The profiles extracted from the measured far-field presented in Fig. 3(a) yielded a value for the average waist w0 of 0.48 mm ± 0.03 mm, in good agreement with the average value of 0.50 mm ± 0.05 mm obtained from the QCL + 8 mm long waveguide. It is thus finally possible to perform a comparison between the divergence angle θ of the THz beam spot with the two approaches by using the formula from Gaussian optics for the beam divergence θ = λ0/(πw0). Although the introduction of a spacer increased the collimation, the THz beam out of a QCL coupled to a Silicon lens is divergent with an angle of ≃ 10°. Conversely, the THz spot obtained with the hollow waveguide has a divergence of ≃ 3.7°, as can be also seen in the insets in Fig. 5. This result was not unexpected since in the first case, even though the light is emitted from a dielectric medium, the Si lens, which reduces the optical mismatch between the sub-wavelength laser facet and the vacuum, it is not possible to completely overcome the plasmonic nature of the mode in the laser cavity, nor to avoid the spherical aberration. In the latter case, the light is propagating from an initial wider waist w0 therefore reducing the diffraction and providing the ultimate beam shaping. It should be noticed that this represents a significant improvement with respect to the collimation achieved in third-order Bragg grating DFB QCLs .
In summary, by integrating a THz QCL with a mm-long hollow metal waveguide, the beam profile out of a DM cavity was greatly improved, without affecting the temperature characteristics of the laser. In particular, the light emission pattern is defined by a lower order mode of the hollow metallic waveguide, thus presenting a further improvement with respect to the both surface patterned, such as third order grating, and Si-lens coupled QCLs. This in situ approach does not require any alignment of the THz light out of the cryostat, or any complex fabrication process. The critical step of the coupling between the laser facet and the hollow waveguide, could be solved by opportunely shaping the copper block where the laser ridge is mounted, in order to aid the task of the relative alignment, and improve at the same time the laser temperature performance. Our approach is also competitive in terms of beam profile and collimation with a Si lens directly glued/pressed in situ to the laser facet. Furthermore, the coupling of hollow wgs with QCLs does not hinder the possibility to improve the laser mode matching and thus the total output power by inserting a suitable dielectric coating or optical element. Finally, our results are of particular importance in light of an efficient coupling of the mode profile in the cryostat with the mode profile of an external flexible waveguide.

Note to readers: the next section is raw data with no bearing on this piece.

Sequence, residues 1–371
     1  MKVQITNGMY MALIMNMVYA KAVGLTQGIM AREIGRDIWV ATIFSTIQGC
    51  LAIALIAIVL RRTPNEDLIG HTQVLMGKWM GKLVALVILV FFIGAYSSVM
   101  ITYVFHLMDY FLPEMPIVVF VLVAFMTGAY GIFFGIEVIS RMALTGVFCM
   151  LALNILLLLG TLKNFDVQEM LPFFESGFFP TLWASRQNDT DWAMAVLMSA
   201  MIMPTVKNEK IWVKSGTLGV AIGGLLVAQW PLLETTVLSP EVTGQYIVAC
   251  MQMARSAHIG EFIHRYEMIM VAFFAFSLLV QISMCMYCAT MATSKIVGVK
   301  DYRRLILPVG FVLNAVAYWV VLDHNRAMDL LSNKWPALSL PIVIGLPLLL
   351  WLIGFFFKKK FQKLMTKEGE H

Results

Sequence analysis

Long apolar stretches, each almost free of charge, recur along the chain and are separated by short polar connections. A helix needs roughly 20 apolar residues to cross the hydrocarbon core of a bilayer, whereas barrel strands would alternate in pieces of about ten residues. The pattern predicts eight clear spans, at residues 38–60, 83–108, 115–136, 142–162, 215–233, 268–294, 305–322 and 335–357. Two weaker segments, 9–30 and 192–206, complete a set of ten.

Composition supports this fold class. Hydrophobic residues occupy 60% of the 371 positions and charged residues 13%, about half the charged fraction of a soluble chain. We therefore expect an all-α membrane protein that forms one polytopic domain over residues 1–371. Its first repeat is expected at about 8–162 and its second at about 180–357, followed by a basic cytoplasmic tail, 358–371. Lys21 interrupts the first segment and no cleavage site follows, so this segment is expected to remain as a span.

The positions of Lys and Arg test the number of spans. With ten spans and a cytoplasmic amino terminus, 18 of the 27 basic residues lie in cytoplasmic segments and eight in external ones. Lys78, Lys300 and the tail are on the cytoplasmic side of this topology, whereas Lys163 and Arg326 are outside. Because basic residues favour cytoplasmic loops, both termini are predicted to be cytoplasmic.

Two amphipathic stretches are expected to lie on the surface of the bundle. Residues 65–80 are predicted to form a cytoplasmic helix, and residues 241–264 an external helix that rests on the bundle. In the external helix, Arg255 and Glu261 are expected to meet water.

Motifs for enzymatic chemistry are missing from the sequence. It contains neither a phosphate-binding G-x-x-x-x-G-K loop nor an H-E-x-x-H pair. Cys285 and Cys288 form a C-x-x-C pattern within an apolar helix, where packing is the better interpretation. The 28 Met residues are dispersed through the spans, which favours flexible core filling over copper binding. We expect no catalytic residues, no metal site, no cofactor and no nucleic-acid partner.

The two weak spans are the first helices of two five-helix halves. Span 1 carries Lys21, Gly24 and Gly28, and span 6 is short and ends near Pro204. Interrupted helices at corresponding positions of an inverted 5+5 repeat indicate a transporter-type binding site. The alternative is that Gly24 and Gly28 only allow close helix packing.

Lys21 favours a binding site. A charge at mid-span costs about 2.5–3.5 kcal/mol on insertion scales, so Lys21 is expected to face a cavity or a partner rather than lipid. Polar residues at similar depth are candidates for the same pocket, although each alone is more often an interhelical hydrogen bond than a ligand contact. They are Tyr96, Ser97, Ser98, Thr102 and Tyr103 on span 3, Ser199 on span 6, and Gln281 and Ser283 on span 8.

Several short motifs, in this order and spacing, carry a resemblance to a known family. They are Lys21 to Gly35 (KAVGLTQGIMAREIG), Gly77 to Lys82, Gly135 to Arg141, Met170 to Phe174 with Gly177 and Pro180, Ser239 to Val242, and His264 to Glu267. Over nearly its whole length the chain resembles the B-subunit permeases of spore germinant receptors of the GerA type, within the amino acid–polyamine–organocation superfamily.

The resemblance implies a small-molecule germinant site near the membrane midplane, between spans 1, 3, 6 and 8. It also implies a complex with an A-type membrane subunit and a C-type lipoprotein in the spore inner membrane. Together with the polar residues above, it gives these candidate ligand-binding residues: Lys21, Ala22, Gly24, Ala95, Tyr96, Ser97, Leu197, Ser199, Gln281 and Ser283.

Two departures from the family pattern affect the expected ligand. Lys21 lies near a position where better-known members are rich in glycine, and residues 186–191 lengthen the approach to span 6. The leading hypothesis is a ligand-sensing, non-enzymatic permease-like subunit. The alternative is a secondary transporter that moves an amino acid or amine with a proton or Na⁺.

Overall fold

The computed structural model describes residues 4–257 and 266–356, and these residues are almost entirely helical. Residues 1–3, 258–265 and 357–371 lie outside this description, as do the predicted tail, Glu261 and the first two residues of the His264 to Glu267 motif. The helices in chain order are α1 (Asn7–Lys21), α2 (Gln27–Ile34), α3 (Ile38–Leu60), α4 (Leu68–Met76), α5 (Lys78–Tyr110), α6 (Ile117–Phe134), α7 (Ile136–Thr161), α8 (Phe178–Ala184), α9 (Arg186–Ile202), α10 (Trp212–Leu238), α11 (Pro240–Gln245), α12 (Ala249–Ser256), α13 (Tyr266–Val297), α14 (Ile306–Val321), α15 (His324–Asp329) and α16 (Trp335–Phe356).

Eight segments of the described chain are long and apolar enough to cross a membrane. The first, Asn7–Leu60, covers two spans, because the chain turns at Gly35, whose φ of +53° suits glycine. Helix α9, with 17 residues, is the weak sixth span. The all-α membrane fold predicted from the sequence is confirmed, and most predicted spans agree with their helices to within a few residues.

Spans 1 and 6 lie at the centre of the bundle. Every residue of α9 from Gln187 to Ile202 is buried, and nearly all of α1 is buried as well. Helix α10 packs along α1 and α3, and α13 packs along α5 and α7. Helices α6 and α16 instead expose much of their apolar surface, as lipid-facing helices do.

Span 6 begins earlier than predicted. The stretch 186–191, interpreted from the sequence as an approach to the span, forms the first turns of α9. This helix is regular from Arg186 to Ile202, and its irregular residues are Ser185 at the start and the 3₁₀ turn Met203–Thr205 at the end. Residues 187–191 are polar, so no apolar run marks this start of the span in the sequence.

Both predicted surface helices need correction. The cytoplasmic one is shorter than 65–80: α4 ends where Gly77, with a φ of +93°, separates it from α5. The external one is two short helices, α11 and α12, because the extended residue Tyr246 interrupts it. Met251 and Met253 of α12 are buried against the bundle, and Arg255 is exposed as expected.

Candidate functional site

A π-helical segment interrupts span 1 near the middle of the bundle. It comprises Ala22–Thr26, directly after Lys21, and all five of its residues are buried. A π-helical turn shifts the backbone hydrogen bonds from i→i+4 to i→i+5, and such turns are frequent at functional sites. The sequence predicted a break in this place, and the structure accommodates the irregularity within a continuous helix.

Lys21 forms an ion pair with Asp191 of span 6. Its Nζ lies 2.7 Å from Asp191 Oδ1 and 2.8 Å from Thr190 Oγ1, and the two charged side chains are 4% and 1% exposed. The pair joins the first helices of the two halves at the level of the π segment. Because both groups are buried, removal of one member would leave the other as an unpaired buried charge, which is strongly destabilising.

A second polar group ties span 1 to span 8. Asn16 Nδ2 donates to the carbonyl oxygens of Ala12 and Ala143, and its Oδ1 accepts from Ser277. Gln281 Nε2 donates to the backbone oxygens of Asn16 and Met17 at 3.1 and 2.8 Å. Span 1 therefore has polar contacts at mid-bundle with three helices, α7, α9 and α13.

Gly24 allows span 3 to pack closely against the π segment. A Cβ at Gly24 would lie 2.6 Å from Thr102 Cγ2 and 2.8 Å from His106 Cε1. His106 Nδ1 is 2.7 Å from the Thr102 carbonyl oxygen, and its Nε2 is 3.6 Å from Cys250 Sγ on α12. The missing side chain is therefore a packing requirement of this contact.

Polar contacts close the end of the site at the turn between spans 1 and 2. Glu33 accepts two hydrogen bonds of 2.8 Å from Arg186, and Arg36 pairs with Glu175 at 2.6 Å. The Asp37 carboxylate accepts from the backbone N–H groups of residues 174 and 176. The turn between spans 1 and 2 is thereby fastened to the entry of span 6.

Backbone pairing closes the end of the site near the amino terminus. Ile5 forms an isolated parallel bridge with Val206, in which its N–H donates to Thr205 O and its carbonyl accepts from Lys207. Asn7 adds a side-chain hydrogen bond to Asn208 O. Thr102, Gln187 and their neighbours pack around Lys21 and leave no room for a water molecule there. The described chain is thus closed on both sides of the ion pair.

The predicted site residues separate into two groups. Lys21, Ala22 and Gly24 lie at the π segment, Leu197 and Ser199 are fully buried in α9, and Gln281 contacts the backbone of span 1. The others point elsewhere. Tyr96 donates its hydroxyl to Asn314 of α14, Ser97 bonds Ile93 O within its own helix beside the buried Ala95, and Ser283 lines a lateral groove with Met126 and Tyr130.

We have realized the in situ coupling between a THz QCL and a hollow copper waveguide. This arrangement has preserved the desired characteristics of a DM QCL, while improving the beam profile. The far field patterns have been clearly identified and analyzed from both the experimental and a theoretical point of view. Finally, in order to perform a direct comparison with similar experiments for improving the beam quality in situ, a detailed analysis has been carried out on a QCL laser coupled to high resistivity Si lens. The results, consistent with what has already been reported in literature, confirmed the advantages of our approach in terms of beam shaping and reduced beam divergence. The beam profile obtained out of a DM QCL coupled to a copper pipe resulted to be a further improvement with respect to the beam shaping experiments reported so far.
Appendix A: Higher order mode in a hollow waveguide